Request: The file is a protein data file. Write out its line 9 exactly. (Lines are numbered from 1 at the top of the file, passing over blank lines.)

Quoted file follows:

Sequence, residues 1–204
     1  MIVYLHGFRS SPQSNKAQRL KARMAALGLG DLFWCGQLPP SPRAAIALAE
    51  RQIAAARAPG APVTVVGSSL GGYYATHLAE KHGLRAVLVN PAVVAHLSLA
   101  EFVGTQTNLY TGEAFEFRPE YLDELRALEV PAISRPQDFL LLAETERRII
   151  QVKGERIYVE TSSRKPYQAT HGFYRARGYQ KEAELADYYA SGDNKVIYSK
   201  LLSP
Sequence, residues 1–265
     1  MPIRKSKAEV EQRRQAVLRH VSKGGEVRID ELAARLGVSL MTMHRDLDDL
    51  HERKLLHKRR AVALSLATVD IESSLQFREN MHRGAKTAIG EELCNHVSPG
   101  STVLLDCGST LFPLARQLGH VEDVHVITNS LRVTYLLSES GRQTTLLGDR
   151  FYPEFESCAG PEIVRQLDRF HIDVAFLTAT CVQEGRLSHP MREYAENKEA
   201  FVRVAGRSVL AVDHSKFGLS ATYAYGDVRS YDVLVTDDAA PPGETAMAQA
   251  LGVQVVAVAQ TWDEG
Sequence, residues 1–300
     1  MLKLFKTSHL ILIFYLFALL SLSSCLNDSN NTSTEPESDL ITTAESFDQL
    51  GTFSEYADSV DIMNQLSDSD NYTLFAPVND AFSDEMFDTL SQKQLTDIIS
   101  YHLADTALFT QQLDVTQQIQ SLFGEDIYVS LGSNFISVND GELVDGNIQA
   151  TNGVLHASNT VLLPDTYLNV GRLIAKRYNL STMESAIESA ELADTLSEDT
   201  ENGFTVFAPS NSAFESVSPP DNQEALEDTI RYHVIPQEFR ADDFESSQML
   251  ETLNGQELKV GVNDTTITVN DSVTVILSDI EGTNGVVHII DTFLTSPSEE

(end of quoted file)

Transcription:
    51  HERKLLHKRR AVALSLATVD IESSLQFREN MHRGAKTAIG EELCNHVSPG